Thanks For The Music Psycho Simon

By the time I hit my teens, I had already discovered so-called alternative music and culture through my siblings and my friends.

But we were a bunch of alien outcasts in a grey conformist world that sneered at our black clothes, obscure lyrics and tiny, specialist record stores.

Then, as a teen, I discovered a certain Barney Simon on what was then called Radio 5. He would come back from Street Records on a Saturday afternoon and play 13 songs in a row just cos he was so damn excited about all this new music. He played local music; he introduced me to No Friends OF Harry and the Psycho Reptiles. And then finally, he gave me the biggest career break anyone could ever hope for: he put ME on air.

When I was 17, living in PE and feeling the pain of being one of the only weirdos in town, Barney read a shout out from me on air which led me to meeting one of my longest standing friends. Yeah Val, you. Julian and I used to sit around all Saturday evening listening to the Shadow Show, drinking illicit beer before we went to some party or school disco. I hoovered it all up.

Especially when Barney began to conspicuously support local music and play all these emerging weird, South African bands. Man I wanted to be in a band just so I could be on the show. And eventually I did. In 1991 when I joined The General Woodheads as a bass player, Barney played our demo tape, ‘Simon.’ Sheesh, what a rush! We were sitting around the pool at my then girlfriend’s house, drinking beer, waiting to hear if we would get played. It was the first time I ever heard anything I had done on radio.

We met soon after that. A guy I met while I was in the army ended up playing with Mike Seale from the Psycho Reptiles and I got to meet Barney and all the crew from NFOH and the Psycho’s. But it wasn’t til I went to try out UK life in 1994 that anything really came of that meeting. When I left, I told Barney I had this plan to try and help SA bands when they landed in the UK. Nothing ever came of that plan. So he asked me what else I was doing. What I was doing was living on rice and lentils and spending every penny I earned on c0ncert tickets and beer!

I got to see Siouxie, Madness, The Buzzcocks, Ian Drury and The Blockheads, Carter USM, PWEI, Green Day, Smashing Pumpkins, Radio Head, REM, The Stranglers, Anti Nowhere League, Blur, Oasis, The Damned, Skunk Anansie, Offspring, Teenage Fanclub, Hole, SLF, Beck, Therapy?, Deus, Sleeper, Elastica, Jesus and Mary Chain, Frank Black… sheesh, I can’t even remember the list anymore! This was like nearly 20 years ago!

Anyway, so Barney is all casual like, “Tell you what, I’ll call you tomorrow night at 10pm SA time and you can tell us about the last few shows on air, OK?” So I say yes. I mean, why not? I was gobsmacked. I hate to think what that first crossing was like, but Barney liked it. “Let’s do it again in 2 weeks” he said. And after that, it was every Tuesday night for 18 months. That’s how I got to be ‘that guy’ in London on the UK/USA slot on Barney Simon’s week night show.

Then when I returned to SA at the end of’96, he said he was starting a specialist SA music show and would I host that for him? Of course I said yes again. The SA Music Explosion he called it. THAT request made me. I was the voice, the content collector and editor, the music selector, the start and the end of it. Barney and I would chat but he left me to do it all. He would sit there for 30 minutes each Thursday and push the buttons to make it work and let me make mistakes, quietly advise and guide me, pass me leads and work and just let me learn and grow.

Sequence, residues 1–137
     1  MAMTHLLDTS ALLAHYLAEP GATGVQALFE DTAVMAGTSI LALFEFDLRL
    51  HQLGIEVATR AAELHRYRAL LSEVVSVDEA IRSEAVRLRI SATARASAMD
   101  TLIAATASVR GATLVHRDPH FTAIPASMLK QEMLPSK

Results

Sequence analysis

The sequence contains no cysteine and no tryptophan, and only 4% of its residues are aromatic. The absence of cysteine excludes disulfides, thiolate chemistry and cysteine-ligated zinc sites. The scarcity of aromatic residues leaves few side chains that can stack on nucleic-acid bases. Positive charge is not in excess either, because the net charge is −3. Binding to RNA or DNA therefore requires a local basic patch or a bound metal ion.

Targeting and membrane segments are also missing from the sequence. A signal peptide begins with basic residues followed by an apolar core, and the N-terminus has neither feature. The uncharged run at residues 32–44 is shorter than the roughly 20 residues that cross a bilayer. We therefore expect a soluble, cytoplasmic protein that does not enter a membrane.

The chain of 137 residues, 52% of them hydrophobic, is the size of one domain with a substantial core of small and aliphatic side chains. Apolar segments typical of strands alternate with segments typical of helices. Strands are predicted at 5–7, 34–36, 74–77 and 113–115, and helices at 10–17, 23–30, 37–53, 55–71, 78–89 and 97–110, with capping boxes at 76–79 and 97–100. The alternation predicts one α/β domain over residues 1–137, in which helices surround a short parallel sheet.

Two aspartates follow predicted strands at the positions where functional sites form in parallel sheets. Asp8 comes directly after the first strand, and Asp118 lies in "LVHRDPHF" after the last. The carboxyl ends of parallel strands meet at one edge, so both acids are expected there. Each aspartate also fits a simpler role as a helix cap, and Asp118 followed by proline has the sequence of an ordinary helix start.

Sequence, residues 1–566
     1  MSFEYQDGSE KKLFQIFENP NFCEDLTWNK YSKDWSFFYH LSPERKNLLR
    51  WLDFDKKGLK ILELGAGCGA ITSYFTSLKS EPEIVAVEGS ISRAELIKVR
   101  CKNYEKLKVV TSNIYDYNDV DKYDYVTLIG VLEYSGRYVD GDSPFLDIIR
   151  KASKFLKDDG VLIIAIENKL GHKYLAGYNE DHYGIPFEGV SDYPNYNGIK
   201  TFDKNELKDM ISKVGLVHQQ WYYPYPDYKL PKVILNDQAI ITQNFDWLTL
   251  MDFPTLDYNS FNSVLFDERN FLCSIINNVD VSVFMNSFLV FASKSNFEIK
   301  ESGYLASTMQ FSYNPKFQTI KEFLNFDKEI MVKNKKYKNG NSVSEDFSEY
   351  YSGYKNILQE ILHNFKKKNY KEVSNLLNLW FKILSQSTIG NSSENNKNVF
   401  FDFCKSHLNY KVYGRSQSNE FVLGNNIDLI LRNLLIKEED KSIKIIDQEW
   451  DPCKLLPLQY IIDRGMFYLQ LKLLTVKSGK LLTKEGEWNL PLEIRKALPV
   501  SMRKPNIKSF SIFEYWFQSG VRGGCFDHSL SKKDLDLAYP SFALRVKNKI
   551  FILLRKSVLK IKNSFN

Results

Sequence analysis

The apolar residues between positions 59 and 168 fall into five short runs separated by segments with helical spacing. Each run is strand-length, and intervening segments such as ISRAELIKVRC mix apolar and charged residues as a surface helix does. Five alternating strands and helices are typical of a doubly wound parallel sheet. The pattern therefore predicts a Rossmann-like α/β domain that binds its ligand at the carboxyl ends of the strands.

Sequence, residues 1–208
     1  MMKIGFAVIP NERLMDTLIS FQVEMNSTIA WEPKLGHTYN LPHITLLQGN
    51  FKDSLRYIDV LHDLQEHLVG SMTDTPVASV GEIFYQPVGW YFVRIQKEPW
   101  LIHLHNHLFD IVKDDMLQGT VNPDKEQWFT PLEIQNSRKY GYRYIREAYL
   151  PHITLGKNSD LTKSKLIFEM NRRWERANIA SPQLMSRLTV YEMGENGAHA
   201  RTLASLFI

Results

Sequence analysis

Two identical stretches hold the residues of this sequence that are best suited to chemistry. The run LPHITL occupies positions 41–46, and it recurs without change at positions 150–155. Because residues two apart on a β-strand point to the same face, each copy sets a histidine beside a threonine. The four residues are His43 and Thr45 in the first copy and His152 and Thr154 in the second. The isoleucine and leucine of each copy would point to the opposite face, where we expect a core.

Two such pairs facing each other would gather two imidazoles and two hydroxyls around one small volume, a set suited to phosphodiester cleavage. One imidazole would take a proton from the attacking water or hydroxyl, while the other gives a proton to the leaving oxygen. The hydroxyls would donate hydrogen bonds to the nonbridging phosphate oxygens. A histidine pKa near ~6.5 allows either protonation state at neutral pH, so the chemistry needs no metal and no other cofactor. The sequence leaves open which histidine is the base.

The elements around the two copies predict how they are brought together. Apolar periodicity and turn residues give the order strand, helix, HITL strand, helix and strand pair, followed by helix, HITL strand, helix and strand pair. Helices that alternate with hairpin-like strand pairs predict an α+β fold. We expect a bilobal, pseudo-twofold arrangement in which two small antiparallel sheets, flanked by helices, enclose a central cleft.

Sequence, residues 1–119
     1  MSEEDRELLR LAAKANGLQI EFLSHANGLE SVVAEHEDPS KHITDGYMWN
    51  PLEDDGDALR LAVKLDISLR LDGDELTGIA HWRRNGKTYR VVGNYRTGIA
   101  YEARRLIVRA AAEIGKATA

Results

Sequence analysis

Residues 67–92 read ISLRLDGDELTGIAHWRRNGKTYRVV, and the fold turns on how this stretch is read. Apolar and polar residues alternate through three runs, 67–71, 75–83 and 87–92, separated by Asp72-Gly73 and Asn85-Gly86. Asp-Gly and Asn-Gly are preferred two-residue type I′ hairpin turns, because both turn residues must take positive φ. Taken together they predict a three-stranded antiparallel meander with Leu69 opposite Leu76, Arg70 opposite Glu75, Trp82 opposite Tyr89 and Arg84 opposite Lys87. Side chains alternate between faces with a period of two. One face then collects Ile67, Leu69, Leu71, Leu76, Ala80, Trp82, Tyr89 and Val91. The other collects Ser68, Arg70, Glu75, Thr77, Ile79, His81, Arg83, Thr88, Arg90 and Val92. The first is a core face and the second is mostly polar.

Suddenly everyone in SA rock knew who I was. Or wanted to know. It opened doors for me to write for magazines and newspapers. Suddenly I was MC-ing gigs and DJ-ing, writing, managing bands, promoting shows. I was 25.

So when I hear people bad mouthing Barney (cos they do, it’s a small scene) I hold that up against the sheer generosity… no, the madness! Of the opportunity he gave to me and I think, ‘Nah!’

Thank you Barney Simon. Without your support I am not sure I would have been able to do most of the things I did in SA music. There would be no 1,2,1,2 book that is for sure. So much of that book is based around the brutal lessons I learned to my financial cost in those first 5 years when I started my own business with no experience, no training but plenty of Blind Faith!

I am not a trained journalist, publicist, musician, actor or voice artist. I have always just been a guy who loved music. I was given an opportunity and I took it with both hands and feet and run with it like someone possessed. It was all I wanted to be, all I wanted to do and I ran and I ran and I ran. Along the way I broke some hearts, pissed off more than just a few musicians, made some incredible friends, lost a large beer truck of money, had my heart broken a few times, drank several beer trucks of beer and a few cacti of tequila. I changed from being a bookish, thoughtful person into a rock n roll tearaway and back again. I got tattoos and stayed up all night exchanging music notes. I dipped further into the well of music than I thought there was to go. I experienced highs that no drug can ever give you and lows so low that I still don’t understand how they didn’t kill me.

First as a DJ, later as a colleague and as a friend, Barney Simon showed me that I wasn’t a lone freak in a square, grey world. And he gave me the means to make a living out of being whatever the hell it is that I am. Barney, I never got to say this to your face, for which I am sorry. When I am back in SA I will.

Thanks dude.

For everything.